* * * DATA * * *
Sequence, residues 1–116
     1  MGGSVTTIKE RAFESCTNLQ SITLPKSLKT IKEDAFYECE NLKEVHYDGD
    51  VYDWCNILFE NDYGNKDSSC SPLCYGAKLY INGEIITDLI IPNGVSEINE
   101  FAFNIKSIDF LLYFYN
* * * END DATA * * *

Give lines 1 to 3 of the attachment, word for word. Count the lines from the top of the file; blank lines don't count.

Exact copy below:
Sequence, residues 1–116
     1  MGGSVTTIKE RAFESCTNLQ SITLPKSLKT IKEDAFYECE NLKEVHYDGD
    51  VYDWCNILFE NDYGNKDSSC SPLCYGAKLY INGEIITDLI IPNGVSEINE